Drawing on Norse and Greek mythology, as well as the Finnish Kalevala, The Silmarillion is a collection of myths chronicling the fantastical world of Arda across different ages. In writing this mythology, Tolkien frames The Silmarillion as having been “translated” from Bilbo Baggins’ translations from the Elvish, making The Silmarillion part of Tolkien’s found manuscript tradition.
The Silmarillion, however, was left unfinished by the time Tolkien died. After completing The Hobbit, Tolkien sent his publishers a draft of what would become The Silmarillion. His publishers, however, rejected this work on the basis that it was “too Celtic,” and so Tolkien instead wrote The Lord of the Rings.
Though The Silmarillion was unfinished, it is nonetheless a compendious collection of supremely ambitious scope. It is divided into five parts, the first of which (Ainulindalë) relates the creation story of Eä. Valaquenta, the second section, describes the Valar (from which the section takes its name) and Maiar. The third and central section is the largest in The Silmarillion, focusing on the events leading up to and during the First Age. Akallabêth, the fourth section, then proceeds to the Second Age, detailing the Downfall of Númenor. And the fifth and final section, Of the Rings of Power and the Third Age, outlines the events leading up to (as well as a short summary of the events depicted in) The Lord of the Rings.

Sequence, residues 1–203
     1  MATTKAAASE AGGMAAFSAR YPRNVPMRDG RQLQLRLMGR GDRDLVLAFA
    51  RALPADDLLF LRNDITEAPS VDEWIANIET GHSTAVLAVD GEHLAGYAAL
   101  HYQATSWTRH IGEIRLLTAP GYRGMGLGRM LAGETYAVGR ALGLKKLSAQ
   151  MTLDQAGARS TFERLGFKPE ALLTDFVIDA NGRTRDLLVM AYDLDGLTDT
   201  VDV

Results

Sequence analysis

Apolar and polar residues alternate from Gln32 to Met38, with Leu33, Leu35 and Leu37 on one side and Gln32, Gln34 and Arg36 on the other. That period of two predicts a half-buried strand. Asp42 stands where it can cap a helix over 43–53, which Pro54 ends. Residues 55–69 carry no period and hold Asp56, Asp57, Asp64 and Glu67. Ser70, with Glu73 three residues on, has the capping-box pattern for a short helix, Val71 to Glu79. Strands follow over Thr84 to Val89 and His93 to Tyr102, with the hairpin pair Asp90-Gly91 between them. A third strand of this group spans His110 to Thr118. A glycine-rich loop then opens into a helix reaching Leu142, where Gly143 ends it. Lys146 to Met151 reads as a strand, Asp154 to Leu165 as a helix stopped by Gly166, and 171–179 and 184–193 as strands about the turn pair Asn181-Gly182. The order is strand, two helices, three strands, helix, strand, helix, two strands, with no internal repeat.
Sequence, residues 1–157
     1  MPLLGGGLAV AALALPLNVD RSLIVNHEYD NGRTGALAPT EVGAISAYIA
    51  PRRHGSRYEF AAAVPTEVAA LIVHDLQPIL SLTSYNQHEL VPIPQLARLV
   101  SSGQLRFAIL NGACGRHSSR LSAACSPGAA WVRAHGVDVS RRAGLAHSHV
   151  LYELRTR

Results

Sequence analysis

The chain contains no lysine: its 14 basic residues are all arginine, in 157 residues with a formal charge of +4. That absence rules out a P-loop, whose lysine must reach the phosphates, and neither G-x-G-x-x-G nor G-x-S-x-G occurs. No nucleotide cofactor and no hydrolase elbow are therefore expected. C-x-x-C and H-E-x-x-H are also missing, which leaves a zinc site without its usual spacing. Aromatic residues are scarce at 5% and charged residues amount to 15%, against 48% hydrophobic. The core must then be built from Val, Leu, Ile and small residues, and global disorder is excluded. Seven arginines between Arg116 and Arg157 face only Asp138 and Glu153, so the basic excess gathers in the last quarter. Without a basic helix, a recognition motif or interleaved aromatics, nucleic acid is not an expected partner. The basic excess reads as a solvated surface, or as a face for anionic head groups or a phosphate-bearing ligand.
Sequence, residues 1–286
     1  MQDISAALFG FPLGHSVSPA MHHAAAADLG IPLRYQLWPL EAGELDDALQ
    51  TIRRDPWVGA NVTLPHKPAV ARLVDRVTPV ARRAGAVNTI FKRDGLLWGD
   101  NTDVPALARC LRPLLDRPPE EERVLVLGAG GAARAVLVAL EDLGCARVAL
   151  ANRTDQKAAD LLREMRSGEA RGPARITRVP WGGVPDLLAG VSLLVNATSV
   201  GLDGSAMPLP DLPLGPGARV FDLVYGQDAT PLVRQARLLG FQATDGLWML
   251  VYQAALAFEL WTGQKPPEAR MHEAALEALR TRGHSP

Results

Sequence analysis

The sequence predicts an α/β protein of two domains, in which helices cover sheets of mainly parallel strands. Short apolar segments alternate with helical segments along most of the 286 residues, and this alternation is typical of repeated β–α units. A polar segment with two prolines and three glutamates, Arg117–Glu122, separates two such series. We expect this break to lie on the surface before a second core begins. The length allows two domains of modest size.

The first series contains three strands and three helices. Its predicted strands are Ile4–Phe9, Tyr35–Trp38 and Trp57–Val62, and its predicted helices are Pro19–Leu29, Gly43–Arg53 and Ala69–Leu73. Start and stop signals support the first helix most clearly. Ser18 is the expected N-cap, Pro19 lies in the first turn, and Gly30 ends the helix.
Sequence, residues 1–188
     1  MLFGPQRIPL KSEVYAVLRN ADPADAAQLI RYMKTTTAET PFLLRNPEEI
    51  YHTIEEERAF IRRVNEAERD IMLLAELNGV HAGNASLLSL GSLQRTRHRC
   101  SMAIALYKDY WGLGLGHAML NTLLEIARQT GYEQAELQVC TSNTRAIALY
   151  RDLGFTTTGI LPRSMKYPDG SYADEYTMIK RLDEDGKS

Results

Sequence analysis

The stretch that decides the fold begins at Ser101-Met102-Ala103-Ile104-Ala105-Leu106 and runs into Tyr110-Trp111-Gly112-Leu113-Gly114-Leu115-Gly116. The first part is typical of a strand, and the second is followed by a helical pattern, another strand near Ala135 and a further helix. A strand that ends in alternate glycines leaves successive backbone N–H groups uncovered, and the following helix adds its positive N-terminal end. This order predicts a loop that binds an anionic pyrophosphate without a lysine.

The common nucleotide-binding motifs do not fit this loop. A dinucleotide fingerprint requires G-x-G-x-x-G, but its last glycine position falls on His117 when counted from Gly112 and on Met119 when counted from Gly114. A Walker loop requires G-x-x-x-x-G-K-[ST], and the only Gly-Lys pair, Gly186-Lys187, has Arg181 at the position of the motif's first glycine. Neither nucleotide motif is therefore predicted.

As The Silmarillion was left unfinished, Christopher Tolkien (Tolkien’s son and literary executor) edited the work with the help of the Canadian fantasy writer Guy Gavriel Kay. However, certain parts of The Silmarillion existed in multiple versions (some of which were in conflict with each other), so this editing process involved selecting which ones to use and, in some cases, inventing new material to fill narrative gaps.
3. The Children of Húrin (2007)
As the title of the work would suggest, The Children of Húrin focuses on the fate of Húrin’s offspring, who have been cursed by Morgoth so that ill fate will befall them as long as they live. For his protection, Túrin (the son of Húrin) is sent by his mother, Morwen, to live in Doriath (an Elvish territory) for his own protection. Nonetheless, his cursed fate follows him even to Doriath (as per Morgoth’s curse). And during his absence, Morwen gives birth to another child, Niënor, thus perpetuating the curse further still and causing unforeseen suffering for the two siblings.